English News

  • youtube
  • facebook
  • twitter

Central banks build gold reserves as de-dollarisation drive accelerates

Gold rush for central banks across the world (Photo for representation)

Central banks across the world may continue with the gold buying spree in the coming months. Amid the recent downgrade of the US by Fitch Ratings, the de-dollarisation exercise may further gain momentum. The share of US dollar reserves held as reserves by central banks fell to 58 per cent– the lowest level in 25 years.

According to an International Monetary Fund in a blog, some analysts said that this partly reflects the declining role of the US dollar in the global economy, in the face of competition from other currencies used by central banks for international transactions.

Though the US dollar continues to dominate the foreign exchange reserve kitties the world over, early signs of divergence marking a shift away from the greenback are visible, JP Morgan analysts said in June.

World Gold Council (WGC) data shows that central banks returned to buying gold in June, increasing their inventories by 55 metric tons after a three-month sales.

Among the buyers, the People’s Bank of China – the Chinese central bank– was the largest. It added 21 tonnes to its gold reserves during June, the eighth consecutive month of purchases. The WGC noted that since the Chinese central bank began reporting increases in November 2022, gold reserves have grown by 165 tonnes – an increase of 8 per cent. Of this 103T has been bought in 2023 alone, making it the largest buyer this year till now. India too features among the top gold buyers.

Other top buyers of gold include Poland Uzbekistan), the Czech Republic and Qatar among others.

The Reserve Bank of India’s (RBI) gold reserves touched 794.64 metric tonnes in fiscal 2023, an increase of nearly 5 per cent over fiscal 2022, when it held 760.42 metric tonnes of gold.

India’s gold reserves, which were less than 600 tonnes 10 years ago, have now risen to about 795 tonnes.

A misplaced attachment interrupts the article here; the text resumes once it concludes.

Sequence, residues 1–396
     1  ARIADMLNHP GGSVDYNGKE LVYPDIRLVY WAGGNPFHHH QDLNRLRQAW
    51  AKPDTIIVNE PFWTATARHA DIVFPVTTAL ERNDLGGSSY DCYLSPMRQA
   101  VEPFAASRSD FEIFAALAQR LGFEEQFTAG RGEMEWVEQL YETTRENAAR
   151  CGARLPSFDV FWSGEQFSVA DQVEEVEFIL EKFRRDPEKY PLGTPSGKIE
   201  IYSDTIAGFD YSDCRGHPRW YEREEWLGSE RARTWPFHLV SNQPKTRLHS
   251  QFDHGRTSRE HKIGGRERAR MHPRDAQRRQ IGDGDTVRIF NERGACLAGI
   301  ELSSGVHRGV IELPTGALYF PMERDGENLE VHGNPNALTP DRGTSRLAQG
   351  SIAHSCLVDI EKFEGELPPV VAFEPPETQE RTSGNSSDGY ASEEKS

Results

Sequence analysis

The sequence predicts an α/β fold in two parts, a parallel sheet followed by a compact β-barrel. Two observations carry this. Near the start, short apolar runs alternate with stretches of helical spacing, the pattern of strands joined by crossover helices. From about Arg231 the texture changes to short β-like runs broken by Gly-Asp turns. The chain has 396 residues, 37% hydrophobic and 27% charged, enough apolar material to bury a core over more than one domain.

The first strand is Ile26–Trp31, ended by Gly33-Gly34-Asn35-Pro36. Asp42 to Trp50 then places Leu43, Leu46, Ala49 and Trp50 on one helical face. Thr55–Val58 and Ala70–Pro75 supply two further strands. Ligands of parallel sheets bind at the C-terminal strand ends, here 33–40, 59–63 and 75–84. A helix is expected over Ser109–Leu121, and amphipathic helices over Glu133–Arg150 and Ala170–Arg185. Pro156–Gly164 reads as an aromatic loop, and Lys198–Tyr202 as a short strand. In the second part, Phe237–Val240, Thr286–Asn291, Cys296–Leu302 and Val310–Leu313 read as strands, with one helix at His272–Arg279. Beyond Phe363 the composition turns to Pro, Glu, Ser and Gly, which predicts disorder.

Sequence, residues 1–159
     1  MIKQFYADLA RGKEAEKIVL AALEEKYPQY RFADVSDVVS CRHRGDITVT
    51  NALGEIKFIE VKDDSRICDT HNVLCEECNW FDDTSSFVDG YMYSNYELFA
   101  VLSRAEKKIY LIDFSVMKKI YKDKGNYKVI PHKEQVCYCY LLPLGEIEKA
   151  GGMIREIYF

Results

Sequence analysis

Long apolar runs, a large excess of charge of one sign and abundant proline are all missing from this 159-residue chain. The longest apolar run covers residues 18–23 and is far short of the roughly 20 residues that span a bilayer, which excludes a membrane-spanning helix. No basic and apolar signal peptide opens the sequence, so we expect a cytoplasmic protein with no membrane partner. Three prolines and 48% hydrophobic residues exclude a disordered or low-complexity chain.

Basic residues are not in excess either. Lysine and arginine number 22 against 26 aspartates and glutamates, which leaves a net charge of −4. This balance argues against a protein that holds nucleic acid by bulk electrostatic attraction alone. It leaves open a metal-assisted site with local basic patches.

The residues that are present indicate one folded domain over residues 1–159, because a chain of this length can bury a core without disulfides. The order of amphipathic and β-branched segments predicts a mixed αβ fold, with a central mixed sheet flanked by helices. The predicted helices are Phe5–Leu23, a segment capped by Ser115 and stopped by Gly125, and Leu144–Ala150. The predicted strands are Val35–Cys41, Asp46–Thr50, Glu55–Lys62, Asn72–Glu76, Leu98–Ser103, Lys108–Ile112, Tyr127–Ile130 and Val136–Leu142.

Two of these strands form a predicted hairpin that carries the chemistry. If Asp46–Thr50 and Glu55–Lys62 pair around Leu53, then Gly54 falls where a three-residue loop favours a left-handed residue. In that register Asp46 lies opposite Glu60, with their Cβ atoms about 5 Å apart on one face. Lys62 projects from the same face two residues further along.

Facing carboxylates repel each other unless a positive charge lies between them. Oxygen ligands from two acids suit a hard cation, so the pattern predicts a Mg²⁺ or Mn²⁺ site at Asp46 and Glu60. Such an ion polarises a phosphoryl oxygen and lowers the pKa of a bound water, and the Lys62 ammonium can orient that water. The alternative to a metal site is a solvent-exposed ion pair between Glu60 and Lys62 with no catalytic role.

In 2022, the net purchase of the yellow metal by the central banks stood at 1135 tonnes—the highest since 1967.

The IMF also said that the US dollar’s share of global reserves will continue to fall as emerging market and developing economy central banks seek further diversification of the currency composition of their reserves.

“The de-dollarisation exercise is a process, it will not happen immediately. It is bound to take time but the new geopolitical and geo-economic risks have underlined the need for countries to diversify their risks and forex reserves,” an economist with one of the top Indian banks told India Narrative.

The BRICS (Brazil-Russia-India-China-South Africa) block has already indicated that it would look to have a common currency of its own. That apart, several countries including India and China have also pressed the pedal in expanding international trade using their own currencies.

The Fitch move to downgrade the US government could add to the pressure on the greenback. Earlier, the threat of a US default had severely impacted the global economy while denting the image of the dollar. The US government has run a deficit averaging nearly $1 trillion every year since 2001, said the Council on Foreign Relations. The recent downgrade from AAA to AA+ was due to “steady deterioration in standards of governance,” Fitch said.

Fitch also noted that the move to downgrade was not just a result of the latest debt ceiling impasse but “a steady deterioration in standards of governance over the last 20 years” regarding “fiscal and debt matters”, CNN reported.

Also read: Will Russia’s launch of digital ruble step up de-dollarisation drive?